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The Pinwheel Galaxy, M101, Imaged By Four NASA Telescopes (PHOTO)

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This image of the Pinwheel Galaxy, also known as M101, combines data in the infrared, visible, ultraviolet and X-rays from four NASA space telescopes.
This image of the Pinwheel Galaxy, also known as M101, combines data in the infrared, visible, ultraviolet and X-rays from four NASA space telescopes.

How many telescopes does it take to photograph one galaxy? Four, it seems.

This image of the Pinwheel Galaxy, also known as Messier 101 or NGC 5457, is a combination of infrared, visible, ultraviolet and X-ray data collected by four different NASA telescopes: Chandra, Spitzer, Hubble and GALEX.

Each telescope's unique imaging technology provides a different layer to the overall image. Chandra, which visualizes X-rays, adds purple to the image. Spitzer captures infrared light that appears red in the image. The Galaxy Evolution Explorer (GALEX) interprets ultraviolet light and is responsible for the blue coloring, and Hubble the yellow, as it reports traces of visible light.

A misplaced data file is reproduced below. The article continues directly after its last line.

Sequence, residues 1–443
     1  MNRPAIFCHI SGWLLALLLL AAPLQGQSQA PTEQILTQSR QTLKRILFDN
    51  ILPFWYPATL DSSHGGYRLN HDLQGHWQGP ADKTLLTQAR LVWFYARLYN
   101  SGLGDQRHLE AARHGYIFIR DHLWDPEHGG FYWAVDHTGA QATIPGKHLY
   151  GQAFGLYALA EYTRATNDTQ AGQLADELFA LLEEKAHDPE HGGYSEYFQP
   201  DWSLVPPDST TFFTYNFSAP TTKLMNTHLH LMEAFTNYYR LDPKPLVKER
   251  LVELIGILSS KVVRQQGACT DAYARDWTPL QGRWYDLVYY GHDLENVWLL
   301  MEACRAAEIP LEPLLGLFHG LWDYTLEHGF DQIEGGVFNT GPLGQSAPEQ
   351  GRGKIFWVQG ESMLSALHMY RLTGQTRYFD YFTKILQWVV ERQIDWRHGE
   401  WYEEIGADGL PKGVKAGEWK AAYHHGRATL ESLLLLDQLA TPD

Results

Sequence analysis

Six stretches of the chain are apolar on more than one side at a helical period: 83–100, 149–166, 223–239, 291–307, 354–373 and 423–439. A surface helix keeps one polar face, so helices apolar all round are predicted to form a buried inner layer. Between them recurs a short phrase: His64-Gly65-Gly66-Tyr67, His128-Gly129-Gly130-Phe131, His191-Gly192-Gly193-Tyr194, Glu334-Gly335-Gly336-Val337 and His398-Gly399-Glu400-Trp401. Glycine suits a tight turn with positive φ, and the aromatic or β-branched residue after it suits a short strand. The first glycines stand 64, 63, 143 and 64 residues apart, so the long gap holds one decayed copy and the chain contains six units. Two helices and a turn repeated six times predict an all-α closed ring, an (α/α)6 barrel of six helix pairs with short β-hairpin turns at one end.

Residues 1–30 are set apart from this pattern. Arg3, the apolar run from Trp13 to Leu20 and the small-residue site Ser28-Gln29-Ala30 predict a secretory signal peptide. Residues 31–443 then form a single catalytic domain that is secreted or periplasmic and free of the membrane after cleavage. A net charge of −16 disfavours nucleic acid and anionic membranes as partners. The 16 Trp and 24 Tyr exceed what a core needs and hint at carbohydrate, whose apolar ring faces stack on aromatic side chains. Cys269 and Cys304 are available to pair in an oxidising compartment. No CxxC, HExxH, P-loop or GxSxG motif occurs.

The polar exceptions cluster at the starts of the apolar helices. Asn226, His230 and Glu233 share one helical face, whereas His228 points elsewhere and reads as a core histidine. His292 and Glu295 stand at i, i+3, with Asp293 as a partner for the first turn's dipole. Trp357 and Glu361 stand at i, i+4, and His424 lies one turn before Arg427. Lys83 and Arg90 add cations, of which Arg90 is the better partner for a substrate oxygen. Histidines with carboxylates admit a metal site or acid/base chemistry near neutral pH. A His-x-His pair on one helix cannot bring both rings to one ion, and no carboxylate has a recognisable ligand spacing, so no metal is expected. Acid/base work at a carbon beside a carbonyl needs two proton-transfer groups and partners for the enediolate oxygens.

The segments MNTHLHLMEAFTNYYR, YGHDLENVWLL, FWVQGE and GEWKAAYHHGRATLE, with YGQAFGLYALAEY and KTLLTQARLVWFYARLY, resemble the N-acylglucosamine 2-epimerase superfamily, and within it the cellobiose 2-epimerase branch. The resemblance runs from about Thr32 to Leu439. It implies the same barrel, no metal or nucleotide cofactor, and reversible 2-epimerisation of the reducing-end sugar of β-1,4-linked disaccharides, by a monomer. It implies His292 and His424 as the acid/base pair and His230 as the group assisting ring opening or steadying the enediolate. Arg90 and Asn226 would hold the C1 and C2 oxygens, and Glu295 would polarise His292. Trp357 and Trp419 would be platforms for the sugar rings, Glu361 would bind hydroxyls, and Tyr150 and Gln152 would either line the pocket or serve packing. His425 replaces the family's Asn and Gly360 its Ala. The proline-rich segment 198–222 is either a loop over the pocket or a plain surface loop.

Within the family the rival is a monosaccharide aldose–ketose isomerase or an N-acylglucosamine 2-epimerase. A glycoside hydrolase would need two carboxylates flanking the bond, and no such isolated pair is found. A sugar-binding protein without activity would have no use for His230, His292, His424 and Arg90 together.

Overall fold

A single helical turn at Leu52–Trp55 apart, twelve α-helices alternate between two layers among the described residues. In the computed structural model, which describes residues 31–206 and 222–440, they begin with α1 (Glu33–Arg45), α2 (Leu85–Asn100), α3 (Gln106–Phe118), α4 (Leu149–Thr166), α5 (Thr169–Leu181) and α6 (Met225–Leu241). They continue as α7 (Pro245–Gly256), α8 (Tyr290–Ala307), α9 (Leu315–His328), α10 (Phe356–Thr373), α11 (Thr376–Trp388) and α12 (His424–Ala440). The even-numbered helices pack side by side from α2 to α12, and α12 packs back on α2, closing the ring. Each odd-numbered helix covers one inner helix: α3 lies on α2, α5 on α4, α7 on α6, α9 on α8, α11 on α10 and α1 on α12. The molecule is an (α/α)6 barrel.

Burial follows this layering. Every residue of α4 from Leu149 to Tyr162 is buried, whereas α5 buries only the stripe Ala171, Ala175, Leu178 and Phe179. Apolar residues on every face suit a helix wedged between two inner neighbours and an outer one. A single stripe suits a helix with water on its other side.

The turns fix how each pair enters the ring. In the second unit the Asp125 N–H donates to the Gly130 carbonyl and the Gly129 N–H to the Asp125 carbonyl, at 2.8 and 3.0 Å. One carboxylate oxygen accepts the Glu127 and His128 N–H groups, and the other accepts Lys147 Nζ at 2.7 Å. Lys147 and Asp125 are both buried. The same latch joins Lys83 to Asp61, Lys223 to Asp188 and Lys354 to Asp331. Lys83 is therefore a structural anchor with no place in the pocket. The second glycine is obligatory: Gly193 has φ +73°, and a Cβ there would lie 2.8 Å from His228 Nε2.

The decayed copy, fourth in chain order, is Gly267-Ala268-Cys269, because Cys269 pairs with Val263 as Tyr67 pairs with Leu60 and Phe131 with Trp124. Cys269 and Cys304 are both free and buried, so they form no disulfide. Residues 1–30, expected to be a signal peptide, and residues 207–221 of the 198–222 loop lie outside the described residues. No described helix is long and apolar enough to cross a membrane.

While NASA didn't release this image until late May, the pieces have been coming together for years. In 2006, the galaxy was imaged by Hubble and released as the largest and most detailed picture of a galaxy to that point.

This picture might be new, but in reality it's already millions of years behind.

From the Chandra website:

The Pinwheel Galaxy is in the constellation of Ursa Major (also known as the Big Dipper). It is about 70% larger than our own Milky Way Galaxy, with a diameter of about 170,000 light years, and sits at a distance of 21 million light years from Earth. This means that the light we're seeing in this image left the Pinwheel Galaxy about 21 million years ago - many millions of years before humans ever walked the Earth.

Check out the composite in full, below:

m101 spiral galaxy

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